The Music Man is a great movie, sure, especially as musicals go, but can one really rank it up there with the likes of the Godfather, Lawrence of Arabia, and Pride and Prejudice? We Stokes folk obviously do, so here's a little behind this bit of peculiarity for the unititiated kith.
Back in the day at the Stokes house, we're talking early eighties or so, Mom took charge of all things TV and tried to remove its influence from her household. The story goes that the parents (or at least Mom) were content with the 13" B&W TV during the 70s, and it was not until Mom was in the hospital delivering Walter in '78 that Dad managed to buy our 19" color TV (Walter would later pull a similar trick to get his nintendo, but he can fill you in on that story). This TV would serve our family for the next 22 years, until I went off to college and they replaced it with another 19" color TV.
As far as TV watching goes, I think at some point the folks had cable, but by the time I was aware of my surroundings, the cable was out and the rabbit ears dictated what would appear on the screen.
The first phase of limiting our viewing, beyond Mom just telling us to turn it off or change the channel, came in the form of little laminated tickets giving us an allowance of an hour or so a day of TV watching. Mine were pink, being the girl, and I think Walter's and Macon's were blue and red (I don't know who had what color). We would insert a ticket into a white box each time we wanted to watch something, and when the tickets ran out, we couldn't watch anymore. So, if we wanted to watch the afternoon installment of Sesame Street as well as the morning showing, but only had tickets enough for one show, we'd have to make a choice and budget our tickets.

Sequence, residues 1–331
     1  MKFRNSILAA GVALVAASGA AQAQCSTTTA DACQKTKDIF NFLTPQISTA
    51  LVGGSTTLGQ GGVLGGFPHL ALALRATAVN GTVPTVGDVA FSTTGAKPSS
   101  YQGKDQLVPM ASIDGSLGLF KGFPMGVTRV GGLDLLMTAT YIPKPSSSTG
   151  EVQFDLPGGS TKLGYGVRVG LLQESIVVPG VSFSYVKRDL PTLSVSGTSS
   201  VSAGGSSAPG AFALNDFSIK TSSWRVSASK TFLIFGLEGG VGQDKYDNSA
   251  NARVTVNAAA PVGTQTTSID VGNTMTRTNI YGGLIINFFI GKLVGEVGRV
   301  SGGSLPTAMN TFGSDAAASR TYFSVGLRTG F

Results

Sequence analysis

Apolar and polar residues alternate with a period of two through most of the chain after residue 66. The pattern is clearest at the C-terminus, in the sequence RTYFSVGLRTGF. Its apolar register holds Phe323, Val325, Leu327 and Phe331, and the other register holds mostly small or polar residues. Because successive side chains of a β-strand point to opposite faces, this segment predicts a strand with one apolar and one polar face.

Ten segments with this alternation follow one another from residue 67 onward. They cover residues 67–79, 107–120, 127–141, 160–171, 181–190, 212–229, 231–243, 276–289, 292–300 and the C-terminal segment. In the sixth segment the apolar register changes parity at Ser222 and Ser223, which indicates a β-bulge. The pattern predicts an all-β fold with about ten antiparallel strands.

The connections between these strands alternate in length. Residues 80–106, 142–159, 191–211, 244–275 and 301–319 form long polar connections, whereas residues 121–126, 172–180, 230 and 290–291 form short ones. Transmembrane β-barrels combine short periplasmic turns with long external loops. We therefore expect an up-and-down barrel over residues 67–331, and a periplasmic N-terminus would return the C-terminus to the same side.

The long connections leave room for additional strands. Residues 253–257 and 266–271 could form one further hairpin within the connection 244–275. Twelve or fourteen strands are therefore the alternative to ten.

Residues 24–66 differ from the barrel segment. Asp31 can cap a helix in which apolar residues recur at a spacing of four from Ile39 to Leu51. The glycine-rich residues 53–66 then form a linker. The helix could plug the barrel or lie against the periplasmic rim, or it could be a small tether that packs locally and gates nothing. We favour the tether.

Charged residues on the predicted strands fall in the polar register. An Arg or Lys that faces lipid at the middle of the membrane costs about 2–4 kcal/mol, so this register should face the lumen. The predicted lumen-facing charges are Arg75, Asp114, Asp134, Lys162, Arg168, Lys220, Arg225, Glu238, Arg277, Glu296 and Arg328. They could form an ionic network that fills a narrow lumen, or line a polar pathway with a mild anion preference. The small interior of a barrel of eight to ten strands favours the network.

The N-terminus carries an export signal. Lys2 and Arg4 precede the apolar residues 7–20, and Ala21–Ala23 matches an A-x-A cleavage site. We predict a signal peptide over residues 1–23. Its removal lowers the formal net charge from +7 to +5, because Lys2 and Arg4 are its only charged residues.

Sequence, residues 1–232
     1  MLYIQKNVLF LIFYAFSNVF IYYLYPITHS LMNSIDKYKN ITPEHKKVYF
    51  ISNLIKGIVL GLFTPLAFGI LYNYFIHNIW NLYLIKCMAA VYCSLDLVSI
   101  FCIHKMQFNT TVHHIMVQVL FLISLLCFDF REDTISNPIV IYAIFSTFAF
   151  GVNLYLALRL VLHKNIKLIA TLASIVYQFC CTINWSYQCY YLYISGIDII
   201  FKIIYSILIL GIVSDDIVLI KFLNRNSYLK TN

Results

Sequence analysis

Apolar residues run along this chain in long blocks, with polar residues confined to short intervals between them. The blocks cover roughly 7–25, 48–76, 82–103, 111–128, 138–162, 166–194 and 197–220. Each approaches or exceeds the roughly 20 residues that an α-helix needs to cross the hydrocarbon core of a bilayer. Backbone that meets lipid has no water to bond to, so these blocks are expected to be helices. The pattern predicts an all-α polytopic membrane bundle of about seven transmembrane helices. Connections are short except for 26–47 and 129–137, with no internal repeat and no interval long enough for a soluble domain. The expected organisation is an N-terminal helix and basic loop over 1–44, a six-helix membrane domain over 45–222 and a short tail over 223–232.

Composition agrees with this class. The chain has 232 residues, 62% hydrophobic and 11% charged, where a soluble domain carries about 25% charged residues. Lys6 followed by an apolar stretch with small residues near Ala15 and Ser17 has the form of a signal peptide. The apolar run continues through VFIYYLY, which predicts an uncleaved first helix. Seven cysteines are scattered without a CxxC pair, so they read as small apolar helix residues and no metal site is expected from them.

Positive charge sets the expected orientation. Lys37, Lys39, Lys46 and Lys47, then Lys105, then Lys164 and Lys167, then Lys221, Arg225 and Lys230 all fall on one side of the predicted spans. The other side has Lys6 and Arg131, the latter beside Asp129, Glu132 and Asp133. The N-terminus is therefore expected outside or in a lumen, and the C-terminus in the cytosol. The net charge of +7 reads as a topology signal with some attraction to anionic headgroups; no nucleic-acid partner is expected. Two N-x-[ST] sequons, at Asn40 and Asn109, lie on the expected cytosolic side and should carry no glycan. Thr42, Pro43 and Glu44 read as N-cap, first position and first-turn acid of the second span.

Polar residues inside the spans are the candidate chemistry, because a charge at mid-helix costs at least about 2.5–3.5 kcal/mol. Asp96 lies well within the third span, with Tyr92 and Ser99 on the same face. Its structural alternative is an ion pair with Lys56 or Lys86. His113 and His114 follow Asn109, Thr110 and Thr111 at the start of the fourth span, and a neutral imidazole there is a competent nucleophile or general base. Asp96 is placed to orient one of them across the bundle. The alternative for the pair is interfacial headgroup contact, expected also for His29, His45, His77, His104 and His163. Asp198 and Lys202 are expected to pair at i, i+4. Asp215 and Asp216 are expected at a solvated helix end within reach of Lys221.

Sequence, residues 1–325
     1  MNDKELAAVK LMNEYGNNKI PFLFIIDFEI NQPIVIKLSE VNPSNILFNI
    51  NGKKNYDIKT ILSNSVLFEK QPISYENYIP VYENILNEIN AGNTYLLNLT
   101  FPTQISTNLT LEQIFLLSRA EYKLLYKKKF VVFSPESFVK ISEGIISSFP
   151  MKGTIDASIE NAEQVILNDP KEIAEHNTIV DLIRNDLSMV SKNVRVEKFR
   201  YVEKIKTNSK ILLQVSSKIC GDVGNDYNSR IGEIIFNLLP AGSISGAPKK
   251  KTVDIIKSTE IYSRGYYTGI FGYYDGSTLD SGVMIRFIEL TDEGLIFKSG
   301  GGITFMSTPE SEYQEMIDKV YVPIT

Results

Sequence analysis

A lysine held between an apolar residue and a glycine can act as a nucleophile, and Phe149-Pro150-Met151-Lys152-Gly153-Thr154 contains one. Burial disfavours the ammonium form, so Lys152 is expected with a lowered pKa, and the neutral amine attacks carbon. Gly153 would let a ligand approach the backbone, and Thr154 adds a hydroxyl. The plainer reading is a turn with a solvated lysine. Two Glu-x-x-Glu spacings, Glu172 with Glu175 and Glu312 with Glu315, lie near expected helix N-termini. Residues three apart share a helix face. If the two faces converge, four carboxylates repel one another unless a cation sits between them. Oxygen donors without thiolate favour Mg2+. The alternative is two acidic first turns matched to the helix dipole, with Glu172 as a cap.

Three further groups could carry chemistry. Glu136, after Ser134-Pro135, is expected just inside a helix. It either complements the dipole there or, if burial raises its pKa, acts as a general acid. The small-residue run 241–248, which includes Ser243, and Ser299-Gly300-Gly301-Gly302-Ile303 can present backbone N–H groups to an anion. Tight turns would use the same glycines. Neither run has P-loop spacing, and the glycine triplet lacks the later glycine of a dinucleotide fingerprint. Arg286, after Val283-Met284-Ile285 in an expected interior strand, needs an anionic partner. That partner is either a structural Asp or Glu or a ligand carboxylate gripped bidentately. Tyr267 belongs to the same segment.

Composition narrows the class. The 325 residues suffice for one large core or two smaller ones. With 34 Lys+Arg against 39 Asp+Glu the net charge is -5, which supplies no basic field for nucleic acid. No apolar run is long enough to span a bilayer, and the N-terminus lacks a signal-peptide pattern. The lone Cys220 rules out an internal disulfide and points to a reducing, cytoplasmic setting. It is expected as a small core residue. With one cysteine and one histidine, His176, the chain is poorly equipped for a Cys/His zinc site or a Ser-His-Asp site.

Perhaps you're already seeing the snag in this plan. There is one TV, but three kids. So, it could work out that we'd each use our tickets for different shows, but stay in the family room the entire time the TV was on. We could either work together to optimize our viewing, or what was the more likely scenario, we could fight over whose show it actually was and why my ticket shouldn't be spent on it. So you can see that this plan did little to improve the climate of our house.
Because we were obviously incapable of working within the limits of a TV budget, the next step was to remove our watching priveldges entirely. Or almost entirely. The TV was turned off for most of the week; but, we were able to watch the Cosby Show on Thursday night, sports events on the weekend, and movies Dad read about in Leonard (that's another post) and then rented from Romans (see post below). Sometimes we could watch movies that we owned--and here's where The Music Man comes in. We owned it, and for a long time, we owned no other movie except a taped from TV version of the Secret Garden which I often watched with my friends until Mac-Walter taped over it. (I think we also had a video recording of the 1984 Orange Bowl game between Miami and Nebraska.) Back to the Music Man-- I'm not entirely sure how that came to be the one movie we owned, but that was it. And so we watched it often and came to love and learn its catchy songs and witty dialogue; we could anticipate a young Ron Howard's fall from the tree or Richard Preston's fall from grace; we smiled as Marion softens toward the stranger and tried to dance as the little fat man demonstrates the Shapoopie. We marched along, at least in our hearts if not on the living room floor, as the final 76 trombones boomed away. And if we were lucky, the movie would end, some TV show would then come on, and if Mom wasn't in the kitchen, we could steal a few minutes of some forbidden fruit.